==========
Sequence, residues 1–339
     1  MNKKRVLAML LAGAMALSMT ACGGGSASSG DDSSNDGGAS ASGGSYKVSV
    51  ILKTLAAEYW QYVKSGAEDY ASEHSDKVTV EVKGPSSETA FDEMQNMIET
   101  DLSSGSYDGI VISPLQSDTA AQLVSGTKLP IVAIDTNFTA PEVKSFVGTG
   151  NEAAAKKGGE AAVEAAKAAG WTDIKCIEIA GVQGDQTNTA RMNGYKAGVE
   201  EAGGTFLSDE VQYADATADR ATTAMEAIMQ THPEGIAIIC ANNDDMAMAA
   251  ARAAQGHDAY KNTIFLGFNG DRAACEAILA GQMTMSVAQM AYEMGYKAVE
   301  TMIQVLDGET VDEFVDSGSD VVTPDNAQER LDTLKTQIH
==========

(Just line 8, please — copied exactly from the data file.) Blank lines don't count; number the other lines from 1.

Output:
   301  TMIQVLDGET VDEFVDSGSD VVTPDNAQER LDTLKTQIH